Report: Atlantic Canada startups raised record $166.6 million in 2018

atlantic canada

Atlantic Canada startups reined in a record-setting $166.6 million of private capital last year, up 43 percent from $116 million in 2017, according to a report released by Entrevestor.

Entrevestor’s Atlantic Canadian Startup Data Report 2018, which measures the performance and growth of the regional startup community, found that New Brunswick accounted for $84.7 million of private capital raised, most notably New Brunswick’s IT sector, with Fredericton-based companies like Sonrai Security raising $24 million, Introhive raising $20 million, and Resson raising $14 million.

“Atlantic Canada has a young, growing startup community, and this study shows it features a core of scaling companies.”
– Peter Moreira, Entrevestor

“Entrevestor’s report demonstrates the impact that Atlantic Canadian startups have on the region’s economic growth, and represents an increased collaboration between key stakeholders in our innovation ecosystem,” said Jesse Rodgers, CEO of Halifax-based innovation hub, Volta.

“More people and organizations are working together to collect and share information to highlight the Atlantic region’s contribution to Canada’s innovation economy, and that enthusiasm towards collaboration will be a fundamental part of catalyzing Atlantic Canada’s ecosystem so it can reach its full potential,” he added.

Angel funding by year
Angel funding by year in Atlantic Canada (Source: Entrevestor Databank)

There was also a heavy investment across the region by angel investors and founders. The report tracked $29.4 million in angel investments for 2018 alone, more than any year since Entrevestor began its reports in 2013. Despite this year’s closure of First Angel Network, Entrevestor attributed last year’s increase in angel investments to organizations like Creative Destruction Lab (CDL) Atlantic, which it said have brought business leaders into the angel community. CDL venture manager Gillian McCrae told Entrevestor that fellows and angels involved in the group have invested $7 million in the CDL-Atlantic companies in the last two years.

“The great myth in the Atlantic Canadian startup community these days is that there is a problem with angel investing,” the report said. “Our analysis shows East Coast startups are receiving more money from individual investors than ever before.”

RELATED: Tech firms added $6.1 billion to Atlantic Canada economy in 2017, report finds

Five-hundred-and-fifty “innovation-driven” companies were recorded throughout the region, with 115 new companies added last year. On average, the number of companies in Atlantic Canada has increased about 15 percent annually, the report found. IT remains the dominant sector in both number of companies and funding, taking up 71 percent and 66 percent of the region’s shares, respectively. Atlantic Canada had 365 IT companies that collectively raised $128.7 million last year.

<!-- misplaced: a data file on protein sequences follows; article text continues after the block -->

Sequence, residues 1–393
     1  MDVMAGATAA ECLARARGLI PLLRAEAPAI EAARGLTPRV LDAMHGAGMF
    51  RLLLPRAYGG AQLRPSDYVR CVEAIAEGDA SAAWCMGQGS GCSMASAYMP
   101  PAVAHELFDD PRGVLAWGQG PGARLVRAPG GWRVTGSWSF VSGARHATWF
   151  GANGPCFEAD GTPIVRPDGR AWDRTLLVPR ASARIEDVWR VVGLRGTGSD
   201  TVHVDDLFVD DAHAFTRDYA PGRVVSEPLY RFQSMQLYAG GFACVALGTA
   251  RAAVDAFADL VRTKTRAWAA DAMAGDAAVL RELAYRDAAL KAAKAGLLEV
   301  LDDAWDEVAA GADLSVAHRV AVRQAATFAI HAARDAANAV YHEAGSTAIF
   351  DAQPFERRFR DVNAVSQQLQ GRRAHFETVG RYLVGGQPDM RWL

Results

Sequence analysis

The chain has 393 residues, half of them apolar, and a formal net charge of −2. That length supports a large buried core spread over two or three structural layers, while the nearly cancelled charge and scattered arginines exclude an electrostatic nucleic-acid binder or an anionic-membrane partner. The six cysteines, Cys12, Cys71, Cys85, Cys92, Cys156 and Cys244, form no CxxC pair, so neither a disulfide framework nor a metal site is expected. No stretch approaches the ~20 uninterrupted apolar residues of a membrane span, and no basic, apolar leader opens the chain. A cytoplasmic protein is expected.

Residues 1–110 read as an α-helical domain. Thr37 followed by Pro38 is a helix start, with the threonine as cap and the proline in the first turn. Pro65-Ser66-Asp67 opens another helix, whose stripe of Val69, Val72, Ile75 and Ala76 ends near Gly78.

entrevestor sector chart square
Number of companies (left) and funding (right) by sector share (Source: Entrevestor Databank)

Entrevestor found that the life sciences sector is making some of the strongest progress in the region with regards to the number of companies, the number of employees, and revenue generated. Twenty percent of Atlantic Canada’s biotech companies were launched last year, with 24 new life sciences companies created in 2018, up from six in 2014. Ocean-tech seemed to also take off, thanks in large part to the progress of the federal government’s supercluster initiative, which saw the opening of the Startup Yard incubation facility at the Centre for Ocean Ventures and Entrepreneurship.

“Some people believe the next phase in the ecosystem will be to determine an area of specialization for the Atlantic Canadian ocean industries segment,” the report said. “With the number of ocean-tech hubs growing, some believe Atlantic Canada will have to distinguish itself by specializing in a sub-sector, such as marine life sciences.”

Entrevestor noted eight exits in 2018: Adfinitum Networks, EhEye, Envenio, Kivuto Solutions, Marcato Digital, Nautilus Biosciences Canada, Panag Pharmaceuticals, and WoodsCamp Technologies. The biggest acquisition Entrevestor noted for last year was the sale of Panag Pharmaceuticals, which was worth as much as $27 million.

“Atlantic Canada has a young, growing startup community, and this study shows it features a core of scaling companies whose products are reaching international markets,” said Entrevestor principal Peter Moreira, who authored the report. “The region still needs bigger companies with larger sales, staffs, and valuations, but the stronger companies in the region are producing impressive metrics.”

Read the full report here.

Image courtesy Unsplash

Isabelle Kirkwood

Isabelle Kirkwood

Isabelle is a Vancouver-based writer with 5+ years of experience in communications and journalism and a lifelong passion for telling stories. For over two years, she has reported on all sides of the Canadian startup ecosystem, from landmark venture deals to public policy, telling the stories of the founders putting Canadian tech on the map.

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